By William Elliott, MD, FACP, and James Chan, PharmD, PhD

Dr. Elliott is Medical Director, Pharmacy, Northern California Kaiser Permanente, and Assistant Clinical Professor of Medicine, University of California, San Francisco. Dr. Chan is Pharmacy Quality and Outcomes Manager, Kaiser Permanente, Oakland, CA.

Drs. Elliott and Chan report no financial relationships relevant to this field of study.

The FDA has approved a new opioid agonist/antagonist product featuring an abuse-deterrent property for the management of pain. This formulation contain pellets of oxycodone, which surround sequestered naltrexone. It is marketed as Troxyca ER.

INDICATIONS

The combination oxycodone/naltrexone is indicated for the management of pain severe enough to require daily, around-the-clock, long-term opioid treatment and for which alternative treatment options are inadequate.1

DOSAGE

The starting dose for opioid-naïve and opioid-non-tolerant patients is 10 mg/1.2 mg every 12 hours.1 Patients may be converted from other oxycodone formulations at one-half the total daily dose as oxycodone/naltrexone every 12 hours. Detail is provided in the prescribing information to convert various oral opioids to oxycodone/naltrexone.

Oxycodone/naltrexone is available as capsules, each containing 10 mg/1.2 mg, 20 mg/2.4 mg, 30 mg/3.6 mg, 40 mg/4.8 mg, 60 mg/7.2 mg, and 80 mg/9.6 mg.

POTENTIAL ADVANTAGES

The formulation is expected to help patients reduce abuse when crushed and administered by oral and intranasal routes.1 After crushing the pellets, the sequestered naltrexone releases to counter the effect of oxycodone. This provides another oxycodone formulation with abuse-deterrent features and the addition of naltrexone.

POTENTIAL DISADVANTAGES

While this formulation is expected to reduce abuse by oral and intranasal routes, it does not preclude oral abuse.1,2,3

COMMENTS

The efficacy of oxycodone/naltrexone was evaluated in one randomized, double-blind, placebo-controlled trial in subjects (both opioid-experienced and opioid-naïve) suffering from moderate-to-severe chronic low back pain.1 The study design was an enriched-enrollment with a randomized-withdrawal. Subjects were titrated to effect with oxycodone/naltrexone in the open-label phase; afterward, there was a 12-week double-blind period. Those with adequate pain control were randomized to a 12-week period to continue the drug or to placebo (blind taper of oxycodone/naltrexone).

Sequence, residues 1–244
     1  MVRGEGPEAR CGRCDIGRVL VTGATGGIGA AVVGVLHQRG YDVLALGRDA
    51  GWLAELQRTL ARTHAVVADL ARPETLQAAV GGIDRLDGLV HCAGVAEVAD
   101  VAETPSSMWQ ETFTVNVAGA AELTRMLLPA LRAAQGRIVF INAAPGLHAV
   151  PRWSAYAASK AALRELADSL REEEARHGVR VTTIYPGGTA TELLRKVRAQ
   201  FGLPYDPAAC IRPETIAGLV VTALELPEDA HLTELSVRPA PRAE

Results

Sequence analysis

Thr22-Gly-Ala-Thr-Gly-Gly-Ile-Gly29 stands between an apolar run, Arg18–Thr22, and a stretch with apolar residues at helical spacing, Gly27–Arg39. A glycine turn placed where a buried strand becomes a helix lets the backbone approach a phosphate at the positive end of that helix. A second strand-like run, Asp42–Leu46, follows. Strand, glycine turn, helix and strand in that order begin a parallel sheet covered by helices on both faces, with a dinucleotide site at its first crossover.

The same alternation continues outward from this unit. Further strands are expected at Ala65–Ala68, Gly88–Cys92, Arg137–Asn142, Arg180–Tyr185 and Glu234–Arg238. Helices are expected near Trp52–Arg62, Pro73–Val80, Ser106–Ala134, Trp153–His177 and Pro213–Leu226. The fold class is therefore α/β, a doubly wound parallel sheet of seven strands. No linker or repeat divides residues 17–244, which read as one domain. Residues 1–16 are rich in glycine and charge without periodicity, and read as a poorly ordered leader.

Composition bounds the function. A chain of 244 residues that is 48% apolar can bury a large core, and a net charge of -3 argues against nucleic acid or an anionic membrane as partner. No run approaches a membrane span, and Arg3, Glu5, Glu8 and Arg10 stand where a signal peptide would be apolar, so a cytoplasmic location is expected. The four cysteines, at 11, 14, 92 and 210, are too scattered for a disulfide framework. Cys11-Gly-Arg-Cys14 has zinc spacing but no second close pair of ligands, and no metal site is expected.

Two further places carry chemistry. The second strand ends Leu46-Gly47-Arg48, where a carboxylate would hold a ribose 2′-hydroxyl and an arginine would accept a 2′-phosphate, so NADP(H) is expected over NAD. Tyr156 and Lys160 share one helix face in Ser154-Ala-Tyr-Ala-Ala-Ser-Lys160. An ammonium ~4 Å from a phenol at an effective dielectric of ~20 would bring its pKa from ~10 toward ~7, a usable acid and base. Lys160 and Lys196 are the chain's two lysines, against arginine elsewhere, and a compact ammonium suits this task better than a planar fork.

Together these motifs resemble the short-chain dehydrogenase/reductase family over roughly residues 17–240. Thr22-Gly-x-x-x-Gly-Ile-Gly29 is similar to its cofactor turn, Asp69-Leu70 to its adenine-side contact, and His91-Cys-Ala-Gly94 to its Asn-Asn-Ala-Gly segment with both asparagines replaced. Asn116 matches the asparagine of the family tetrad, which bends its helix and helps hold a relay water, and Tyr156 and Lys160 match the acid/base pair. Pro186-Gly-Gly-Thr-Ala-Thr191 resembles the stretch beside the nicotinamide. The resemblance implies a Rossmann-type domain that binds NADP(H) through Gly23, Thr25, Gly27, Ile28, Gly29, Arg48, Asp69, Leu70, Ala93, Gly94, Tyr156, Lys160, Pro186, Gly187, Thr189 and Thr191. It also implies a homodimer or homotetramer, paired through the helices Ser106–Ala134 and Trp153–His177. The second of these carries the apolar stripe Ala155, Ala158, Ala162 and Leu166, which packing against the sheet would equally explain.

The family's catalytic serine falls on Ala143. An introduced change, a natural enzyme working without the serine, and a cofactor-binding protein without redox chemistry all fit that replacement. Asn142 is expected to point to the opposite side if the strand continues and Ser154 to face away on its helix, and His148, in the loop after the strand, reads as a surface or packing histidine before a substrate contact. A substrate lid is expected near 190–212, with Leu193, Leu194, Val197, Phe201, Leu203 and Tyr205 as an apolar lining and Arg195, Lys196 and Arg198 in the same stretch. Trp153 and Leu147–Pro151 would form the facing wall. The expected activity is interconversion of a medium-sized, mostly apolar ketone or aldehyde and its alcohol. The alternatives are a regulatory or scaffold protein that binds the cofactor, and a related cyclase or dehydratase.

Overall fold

Two hundred and eighty-one subjects made it to the withdrawal phase out of 410 that entered the titration phase (68.5%). Two-thirds (n = 188) completed the study. The average change in the weekly average pain intensity from baseline was statistically in favor of oxycodone/naltrexone over placebo.

In clinical abuse studies, non-dependent opioid abusers were randomized in three studies to assess the abuse potential of physical manipulation of the oxycodone/naltrexone.1,2 Generally, these abusers preferred crushed oxycodone over oxycodone/naltrexone and were less likely to use the latter again via oral, intranasal, or IV administration. The scores for preference for the drug and “take the drug again” were higher or at least numerically higher than placebo, which means abuse still is possible, particularly oral abuse.

CLINICAL IMPLICATIONS

The FDA encourages the development of these formulations to help combat the opioid epidemic. This product is not abuse-proof, and the FDA panel expressed concerns about approving a high-dose opioid product with limited abuse-deterrent properties and the potential for oral abuse.3 Although the agency recommended approval, the FDA also voted against the claim that the drug combination deters oral abuse. The drug’s manufacturer is required to conduct postmarketing studies to quantify the serious risks of misuse, abuse, and addiction associated with long-term use as well as predict opioid overdose and death.4 The cost of oxycodone/naltrexone was not available at the time of this review.

REFERENCES

  1. Troxyca ER Prescribing Information. Pfizer, Inc. August 2016.
  2. Stenik B, Bass A, Bramson C, et al. Abuse potential study of ALO-02 (extended-release oxycodone surrounding sequestered naltrexone) compared with immediate-release oxycodone administered orally to nondependent recreational opioid users. Pain Med 2016 Aug 22. pii: pnw178. [Epub ahead of print].
  3. Reuters. FDA panel backs approval of Pfizer’s opioid painkiller. Available at: http://reut.rs/2c0KPUv. Accessed Sept. 1, 2016.
  4. Department of Health and Human Services. FDA. NDA approval. Available at: http://bit.ly/2cljTkC. Accessed Sept. 2, 2016.